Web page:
Michael Mosley in Cornwall experienced hot and cold extremes

Dr Michael Mosley preparing to record a TV segment on a replica of Richard Trevithick's Puffing Devil in Cornwall with Philip Hosken, fellow author and former chairman of The Trevithick Society
-Credit: (Image: Philip Hosken)

In his time as a famous personality, Michael Mosley experienced extremes on visits to Cornwall. The tragic news has emerged that a body has been found in the search for the presenter and author on the Greek Island of Symi this morning (Sunday, June 9).

Massive search efforts had been going on in searing heat all over the island - on land and sea - since Mosley went missing on Wednesday, June 5. CCTV sightings had pointed to him heading into an area known to be potentially dangerous to walkers.

After the sad confirmation, we've looked back at visits he has made to Cornwall. The photo above was taken more than 20 years ago.

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It shows Mosley long before his TV doctor days when he used to cover a wide variety of topics. He is seen here in 2001 on a replica of Cornish pioneer Richard Trevithick’s Puffing Devil steam locomotive travelling on a road near Wheal Busy, according to Philip Hosken, who stands next to him.

Mr Hosken, who was chairman of the Trevithick Society for 13 years, says the star is wearing his society overalls. The replica of Trevithick's groundbreaking engine which revolutionised the use of steam was built by the Cornish Steam & Engineering Co Ltd.

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Mr Hosken, author of The Oblivion of Trevithick, told CornwallLive today: "Michael and I had discussed the locomotive and we went over what he was going to say to camera. He then ‘performed’ what he was going to say before climbing onto the loco. I noticed a copy of one of my Trevithick books in a BBC car."

Almost two decades later he was back in his professional role that is more familiar to his millions of modern-day fans. Mosley was extolling the virtues of the power of cold water when he ended up in hospital with his wife, Dr Clare Mosley, fearing he had suffered a stroke, he wrote for MailOnline.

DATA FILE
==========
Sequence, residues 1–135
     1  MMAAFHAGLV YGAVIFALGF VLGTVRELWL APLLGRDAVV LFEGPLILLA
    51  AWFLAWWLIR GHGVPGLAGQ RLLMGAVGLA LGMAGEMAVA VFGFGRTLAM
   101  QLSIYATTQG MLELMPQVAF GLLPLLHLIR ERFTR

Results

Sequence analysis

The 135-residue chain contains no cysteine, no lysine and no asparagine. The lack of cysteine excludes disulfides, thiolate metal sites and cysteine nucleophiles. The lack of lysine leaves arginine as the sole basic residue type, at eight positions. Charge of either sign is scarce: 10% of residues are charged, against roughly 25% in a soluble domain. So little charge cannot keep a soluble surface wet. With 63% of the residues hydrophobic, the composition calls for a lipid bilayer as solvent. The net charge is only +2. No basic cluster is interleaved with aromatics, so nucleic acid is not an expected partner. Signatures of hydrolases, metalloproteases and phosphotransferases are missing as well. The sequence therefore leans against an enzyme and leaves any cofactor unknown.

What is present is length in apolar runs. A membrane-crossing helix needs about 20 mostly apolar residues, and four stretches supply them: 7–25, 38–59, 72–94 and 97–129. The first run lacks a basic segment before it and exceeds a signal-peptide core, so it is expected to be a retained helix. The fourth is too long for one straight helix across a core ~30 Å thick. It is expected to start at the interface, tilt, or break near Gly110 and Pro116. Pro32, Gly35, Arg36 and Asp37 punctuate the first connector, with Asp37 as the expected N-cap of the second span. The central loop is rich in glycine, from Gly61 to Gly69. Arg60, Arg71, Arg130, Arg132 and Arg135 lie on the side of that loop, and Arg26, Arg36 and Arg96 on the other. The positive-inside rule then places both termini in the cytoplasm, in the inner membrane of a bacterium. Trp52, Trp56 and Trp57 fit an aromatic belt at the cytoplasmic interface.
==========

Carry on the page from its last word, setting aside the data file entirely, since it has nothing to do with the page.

Mosley said, in the summer of 2019, that the couple had come to stay with his older brother John, who lives by the coast in Cornwall. They went for a dip, despite it being cold and raining, but the sea was so cold that even the two regular chilly dippers decided to race each other for the shore.

Then, he said, everything "went blank" and the next thing he knew he woke up in A&E at Royal Cornwall Hospital at Treliske, Truro. Clare told him he had emerged from the sea looking "perplexed" but otherwise normal, although he kept asking over and over again: "Is it 2017?" and "Did I pass out?".

He wrote in his weekly Mail column: "I also kept reminding myself, out loud, that I had four children, and saying their names, as though I was frightened I would otherwise forget them. For obvious reasons, this alarmed her."

He continued: "With my brother’s help, Clare had got me dressed and drove me straight to hospital. It was in the A&E department about two hours after the swim that my memory started to slowly come back and I became aware of my surroundings.

"Clare, who is a GP, was obviously very worried that I might have had a mini-stroke – what is known as a transient ischaemic attack, or TIA. This is when the blood flow is temporarily cut off to an area of the brain – usually the result of a blood clot that has formed elsewhere in the body and travelled to the neck, causing a blockage.

"The disruption results in a lack of oxygen to the brain and this can lead to sudden symptoms that are similar to a stroke, such as problems with speech and vision, and numbness or weakness in the face, arms and legs. A TIA doesn’t last as long as a stroke and its effects can often last only a few minutes or hours and fully resolve themselves within 24 hours.

"But it’s a warning shot: a TIA means you are at high risk of a full-blown stroke. Strangely enough, I wasn’t that worried.

"In fact, as we sat there, I told Clare my main concern was that going into hospital in the early weeks of August wasn’t a great idea, as this is when junior doctors start their new jobs. When I was at medical school, we called it ‘the killing season’ – and studies have since shown, statistically, that patients may be slightly more likely to die if they are admitted to hospital in the first week of August than in the weeks before.

"The fact that I could remember something I’d learnt at medical school was, I suppose, a reassuring sign. Fortunately, I was soon seen by a young doctor who clearly knew what she was doing.

"She did a full neurological examination, which consists of testing things such as co-ordination and grip strength. I didn’t have any obvious signs of physical or facial weakness, nor was my speech slurred – both telltale signs of a TIA and a stroke.

"By this point I was lucid and the only thing that was obviously wrong with me was the fact that I had no memory of how I’d got there, or what had happened to me. Puzzled, the junior doctor went off to fetch a more senior colleague. He did a further examination and gave me the good news that whatever was wrong with me, I had not had a stroke or epileptic attack.

"Instead he said that I had almost certainly experienced something called transient global amnesia, and that it was brought on by cold-water swimming. He said it was like a migraine attack, and although my memory had been badly affected, he fully expected it to return to normal within 24 hours."